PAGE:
Over the past few years, Father Judge athletics has designated a “Homecoming Game” for the football program. This year that game was against Archbishop Carroll. Since being offered the freshman football head coaching job over this past off season, I thought of ways to inject back into the program a sense of pride, tradition and reverence toward those who came before.

As the freshman head coach and the first face the new Crusaders see as they walk through those doors, I felt that the burden of cultivating such an environment starts with me.

Since graduating in 2007 and being on the outside, it seemed to me like the history started to become lost among the new Crusaders. Under coach Tom Coyle, those aforementioned points of tradition and reverence were continually stressed. The same can be said for Coach McKay. But still, it felt like something was missing.

That’s when I, along with my coaching staff, decided to withhold the numbers 12 and 37 from our freshman. Those numbers belonged to Greg Hennigar and Ricky Lannetti, respectfully, two individuals the community had tragically lost years before. The families have contended that they did not want their numbers retired, and we honored that request by allowing them to be worn by two select freshman Crusaders at our homecoming game.

Normally we would have four to five captains per week; but in the spirit of homecoming we only allowed those two captains, wearing 12 and 37, to have the spotlight as they walked out for the coin toss. It was meant to show that the history and respect was never truly lost. It was just waiting for the right moment to shine through, and shine through it did.

We fought hard but came up short in a 7-0 loss to Carroll. As the young men returned to the locker room, hanging their heads in disappointment as this became our third loss in a row following a 3-0 start, I began to contemplate whether or not I was making the difference I intended to make upon accepting the job.

I addressed the team, and the players eventually began putting their jerseys into the hamper to be washed. The coaches met behind closed doors to discuss what improvements could be made as we prepared for our final game against Roman Catholic. As we coaches were exiting the locker room we noticed that the 37 jersey had been draped neatly over the locker room bench with a rosary hung over it.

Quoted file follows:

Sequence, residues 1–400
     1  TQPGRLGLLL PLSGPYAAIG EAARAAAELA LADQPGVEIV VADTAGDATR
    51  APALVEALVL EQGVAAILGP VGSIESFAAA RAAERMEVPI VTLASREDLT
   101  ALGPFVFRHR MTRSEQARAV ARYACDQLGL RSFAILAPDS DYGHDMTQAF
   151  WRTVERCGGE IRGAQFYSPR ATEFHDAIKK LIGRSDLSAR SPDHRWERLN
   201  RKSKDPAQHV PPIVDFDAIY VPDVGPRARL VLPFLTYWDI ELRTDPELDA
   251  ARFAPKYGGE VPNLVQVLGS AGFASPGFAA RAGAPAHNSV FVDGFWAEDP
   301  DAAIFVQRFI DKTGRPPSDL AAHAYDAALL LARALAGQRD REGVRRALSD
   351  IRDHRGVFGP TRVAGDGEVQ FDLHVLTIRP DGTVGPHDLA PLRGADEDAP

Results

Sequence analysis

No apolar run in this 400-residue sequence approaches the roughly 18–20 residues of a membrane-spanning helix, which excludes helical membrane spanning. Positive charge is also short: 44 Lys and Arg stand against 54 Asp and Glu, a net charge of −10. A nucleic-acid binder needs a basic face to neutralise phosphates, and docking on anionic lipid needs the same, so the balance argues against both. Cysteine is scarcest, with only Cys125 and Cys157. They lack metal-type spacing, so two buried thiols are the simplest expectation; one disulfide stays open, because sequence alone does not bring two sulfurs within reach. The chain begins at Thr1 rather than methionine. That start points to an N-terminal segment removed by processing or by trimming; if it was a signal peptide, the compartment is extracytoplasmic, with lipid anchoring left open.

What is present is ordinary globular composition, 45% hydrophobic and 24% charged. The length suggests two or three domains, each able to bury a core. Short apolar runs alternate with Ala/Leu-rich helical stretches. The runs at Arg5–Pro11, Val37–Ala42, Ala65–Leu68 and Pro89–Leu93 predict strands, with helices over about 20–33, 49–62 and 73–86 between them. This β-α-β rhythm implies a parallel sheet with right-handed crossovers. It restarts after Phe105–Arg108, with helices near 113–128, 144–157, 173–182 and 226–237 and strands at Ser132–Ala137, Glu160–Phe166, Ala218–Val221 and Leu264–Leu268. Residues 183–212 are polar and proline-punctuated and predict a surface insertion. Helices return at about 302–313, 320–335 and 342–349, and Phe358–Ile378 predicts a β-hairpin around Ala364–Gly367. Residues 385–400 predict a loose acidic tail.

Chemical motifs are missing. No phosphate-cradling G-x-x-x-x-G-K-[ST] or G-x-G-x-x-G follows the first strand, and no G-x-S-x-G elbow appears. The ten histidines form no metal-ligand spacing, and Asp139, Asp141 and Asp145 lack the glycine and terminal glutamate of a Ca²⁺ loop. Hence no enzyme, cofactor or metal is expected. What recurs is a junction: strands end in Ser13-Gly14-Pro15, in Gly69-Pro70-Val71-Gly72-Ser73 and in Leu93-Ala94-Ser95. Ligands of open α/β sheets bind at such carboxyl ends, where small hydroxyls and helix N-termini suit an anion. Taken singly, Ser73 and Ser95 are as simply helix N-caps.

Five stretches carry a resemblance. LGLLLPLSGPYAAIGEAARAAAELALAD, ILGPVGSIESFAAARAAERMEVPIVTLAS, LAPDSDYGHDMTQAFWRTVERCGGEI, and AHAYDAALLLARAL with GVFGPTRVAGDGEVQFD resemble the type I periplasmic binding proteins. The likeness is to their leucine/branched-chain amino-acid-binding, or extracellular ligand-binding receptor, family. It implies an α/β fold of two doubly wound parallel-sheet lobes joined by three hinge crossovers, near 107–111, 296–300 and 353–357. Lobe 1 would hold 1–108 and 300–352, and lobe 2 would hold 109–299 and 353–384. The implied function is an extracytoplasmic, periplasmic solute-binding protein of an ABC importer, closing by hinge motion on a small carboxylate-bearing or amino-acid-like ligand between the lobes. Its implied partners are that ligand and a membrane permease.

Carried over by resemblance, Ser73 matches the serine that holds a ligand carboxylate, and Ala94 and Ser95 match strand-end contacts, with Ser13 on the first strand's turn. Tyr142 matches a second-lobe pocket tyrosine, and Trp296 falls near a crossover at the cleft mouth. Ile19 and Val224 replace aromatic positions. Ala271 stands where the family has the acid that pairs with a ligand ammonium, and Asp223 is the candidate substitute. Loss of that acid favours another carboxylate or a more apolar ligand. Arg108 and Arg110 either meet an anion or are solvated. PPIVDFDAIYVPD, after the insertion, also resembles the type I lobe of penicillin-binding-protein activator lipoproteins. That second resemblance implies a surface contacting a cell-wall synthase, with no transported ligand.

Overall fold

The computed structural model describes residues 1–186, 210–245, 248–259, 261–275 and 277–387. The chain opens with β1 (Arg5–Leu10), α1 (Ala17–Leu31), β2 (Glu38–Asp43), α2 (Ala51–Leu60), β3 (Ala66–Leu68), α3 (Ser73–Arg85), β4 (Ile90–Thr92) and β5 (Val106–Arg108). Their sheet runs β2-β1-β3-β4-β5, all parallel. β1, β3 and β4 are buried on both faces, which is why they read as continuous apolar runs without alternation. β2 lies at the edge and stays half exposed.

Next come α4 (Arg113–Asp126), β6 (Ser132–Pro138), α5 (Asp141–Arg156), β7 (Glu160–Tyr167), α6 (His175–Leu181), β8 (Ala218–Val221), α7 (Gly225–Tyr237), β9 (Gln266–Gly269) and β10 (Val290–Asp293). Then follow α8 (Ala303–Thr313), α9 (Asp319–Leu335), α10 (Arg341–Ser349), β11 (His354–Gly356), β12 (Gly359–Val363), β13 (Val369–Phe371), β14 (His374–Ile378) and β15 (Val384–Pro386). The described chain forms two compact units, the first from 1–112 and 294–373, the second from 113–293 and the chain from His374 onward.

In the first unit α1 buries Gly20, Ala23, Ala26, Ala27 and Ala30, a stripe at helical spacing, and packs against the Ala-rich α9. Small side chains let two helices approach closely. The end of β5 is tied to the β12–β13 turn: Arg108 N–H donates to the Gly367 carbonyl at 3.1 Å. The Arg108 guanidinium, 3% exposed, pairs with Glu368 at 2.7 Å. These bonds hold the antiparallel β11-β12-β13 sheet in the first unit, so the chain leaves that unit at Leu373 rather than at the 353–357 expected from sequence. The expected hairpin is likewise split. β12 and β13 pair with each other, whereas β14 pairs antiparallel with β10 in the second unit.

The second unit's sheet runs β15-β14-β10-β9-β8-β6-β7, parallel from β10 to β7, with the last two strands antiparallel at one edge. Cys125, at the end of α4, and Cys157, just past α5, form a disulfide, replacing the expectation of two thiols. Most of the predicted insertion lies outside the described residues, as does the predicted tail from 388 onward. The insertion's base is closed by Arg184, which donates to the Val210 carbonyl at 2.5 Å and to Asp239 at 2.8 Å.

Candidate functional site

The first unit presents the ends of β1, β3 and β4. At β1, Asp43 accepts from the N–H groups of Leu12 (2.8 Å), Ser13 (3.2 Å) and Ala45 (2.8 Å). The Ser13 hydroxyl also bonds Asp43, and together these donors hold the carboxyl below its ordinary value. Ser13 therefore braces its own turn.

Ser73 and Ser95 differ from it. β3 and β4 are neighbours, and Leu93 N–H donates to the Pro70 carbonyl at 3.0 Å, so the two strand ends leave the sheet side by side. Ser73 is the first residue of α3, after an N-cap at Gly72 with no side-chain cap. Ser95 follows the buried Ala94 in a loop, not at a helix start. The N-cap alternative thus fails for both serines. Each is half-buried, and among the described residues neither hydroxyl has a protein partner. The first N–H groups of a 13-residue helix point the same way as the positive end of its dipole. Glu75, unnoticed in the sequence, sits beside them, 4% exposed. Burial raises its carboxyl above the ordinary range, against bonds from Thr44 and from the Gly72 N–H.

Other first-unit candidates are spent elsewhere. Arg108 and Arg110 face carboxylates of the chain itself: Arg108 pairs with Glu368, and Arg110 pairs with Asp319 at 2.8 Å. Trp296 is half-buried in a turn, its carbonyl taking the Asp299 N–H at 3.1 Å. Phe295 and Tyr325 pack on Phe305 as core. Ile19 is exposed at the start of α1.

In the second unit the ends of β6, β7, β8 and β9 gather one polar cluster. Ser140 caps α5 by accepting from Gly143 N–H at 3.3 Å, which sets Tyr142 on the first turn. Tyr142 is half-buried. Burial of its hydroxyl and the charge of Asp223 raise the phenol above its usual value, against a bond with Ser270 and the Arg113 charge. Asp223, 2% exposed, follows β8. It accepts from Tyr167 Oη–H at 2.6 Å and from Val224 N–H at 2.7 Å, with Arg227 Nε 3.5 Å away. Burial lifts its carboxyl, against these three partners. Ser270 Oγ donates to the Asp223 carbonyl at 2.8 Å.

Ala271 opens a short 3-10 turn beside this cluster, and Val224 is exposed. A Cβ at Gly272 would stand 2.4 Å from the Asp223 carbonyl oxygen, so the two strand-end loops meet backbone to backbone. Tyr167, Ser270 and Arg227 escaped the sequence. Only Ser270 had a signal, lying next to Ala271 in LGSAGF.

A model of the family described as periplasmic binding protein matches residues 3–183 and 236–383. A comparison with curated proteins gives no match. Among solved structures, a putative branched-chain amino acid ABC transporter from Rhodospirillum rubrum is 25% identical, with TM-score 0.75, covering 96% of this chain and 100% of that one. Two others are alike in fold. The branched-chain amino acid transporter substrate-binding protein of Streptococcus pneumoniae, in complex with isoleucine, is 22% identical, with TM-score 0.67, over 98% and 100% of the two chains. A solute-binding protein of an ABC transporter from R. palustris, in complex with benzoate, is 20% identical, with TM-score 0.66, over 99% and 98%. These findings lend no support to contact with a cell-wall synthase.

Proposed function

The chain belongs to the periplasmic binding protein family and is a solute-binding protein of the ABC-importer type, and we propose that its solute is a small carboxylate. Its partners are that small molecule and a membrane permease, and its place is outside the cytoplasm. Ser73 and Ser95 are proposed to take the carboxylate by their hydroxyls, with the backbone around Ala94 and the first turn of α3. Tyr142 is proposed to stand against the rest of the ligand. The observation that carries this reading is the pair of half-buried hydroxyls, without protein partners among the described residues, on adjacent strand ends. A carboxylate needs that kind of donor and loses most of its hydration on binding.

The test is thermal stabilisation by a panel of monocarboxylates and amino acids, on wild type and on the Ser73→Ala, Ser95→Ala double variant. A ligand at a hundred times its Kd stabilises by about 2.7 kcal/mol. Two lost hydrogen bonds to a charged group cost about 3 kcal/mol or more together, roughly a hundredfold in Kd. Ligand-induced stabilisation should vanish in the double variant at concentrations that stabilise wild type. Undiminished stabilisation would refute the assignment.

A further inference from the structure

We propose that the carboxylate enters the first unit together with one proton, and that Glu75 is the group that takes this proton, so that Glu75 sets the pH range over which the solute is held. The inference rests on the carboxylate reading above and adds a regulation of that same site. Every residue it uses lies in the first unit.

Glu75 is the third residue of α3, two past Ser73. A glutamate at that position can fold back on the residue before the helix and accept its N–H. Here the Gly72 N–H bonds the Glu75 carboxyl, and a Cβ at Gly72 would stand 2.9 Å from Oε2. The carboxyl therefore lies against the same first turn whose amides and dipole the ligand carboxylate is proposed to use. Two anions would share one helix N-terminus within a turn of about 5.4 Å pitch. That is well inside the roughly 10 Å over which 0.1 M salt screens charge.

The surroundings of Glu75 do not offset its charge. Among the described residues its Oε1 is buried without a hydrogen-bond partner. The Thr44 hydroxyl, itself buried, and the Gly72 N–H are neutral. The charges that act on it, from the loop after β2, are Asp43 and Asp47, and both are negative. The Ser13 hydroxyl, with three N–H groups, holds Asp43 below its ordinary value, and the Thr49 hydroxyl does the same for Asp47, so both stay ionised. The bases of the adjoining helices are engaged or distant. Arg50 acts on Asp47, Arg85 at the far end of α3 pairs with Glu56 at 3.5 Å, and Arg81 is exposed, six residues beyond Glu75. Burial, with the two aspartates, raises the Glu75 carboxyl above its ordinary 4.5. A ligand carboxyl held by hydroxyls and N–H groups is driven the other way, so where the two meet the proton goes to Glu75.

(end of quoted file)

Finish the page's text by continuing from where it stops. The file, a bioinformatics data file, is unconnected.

We have a rule in the locker room, “nothing is to be left on the floor.” So we all figured that the jersey and rosary coincidentally wound up draped together in that manner over the bench. As the coaches finally exited the facility I received a text from the player wearing number 37, Dennis Cranston. It said, “Since I couldn’t honor Ricky on the field, I wanted to do it on the bench.”

As I read that to my assistant coaches you could see the emotion flood over everyone, including myself.  We are a young staff. Most of us went through the program learning about both Greg and Ricky, with one of our staff members being a teammate of theirs. Win or lose, the difference I wanted to make was a change in the culture of our program; a change that made young men proud to play for Judge and what they represent, as opposed to guys just playing football as a recreational get away from the stresses of life.

It was never about just football for me, or any of the other coaches I hired. It was about building young men of character, who understood their responsibility in the grand scheme of representing something many men, both young and old, take great pride in: being Judge guys.

After what transpired Thursday night, I consider myself the luckiest coach in the Catholic League to have experienced something like that.

So many people get wrapped up in wins, losses and the scoreboard. They fail to see the impact they have had past the field of play. I can honestly say I have been a victim of that as well. It happened to me that evening as I contemplated what I could be doing wrong to have lost three in a row. However, in our brand of football, victory can never truly be represented on any scoreboard.

“Victory,” the way we see it, transcends the physical element of the sport. “Victory” is something unique to each individual and institution. After that night, Father Judge had their “win” and I consider us undefeated.

Dennis showed that the program achieved its most important victory to date: the seeds of pride, tradition and reverence have been sown back into the fabric of the football program.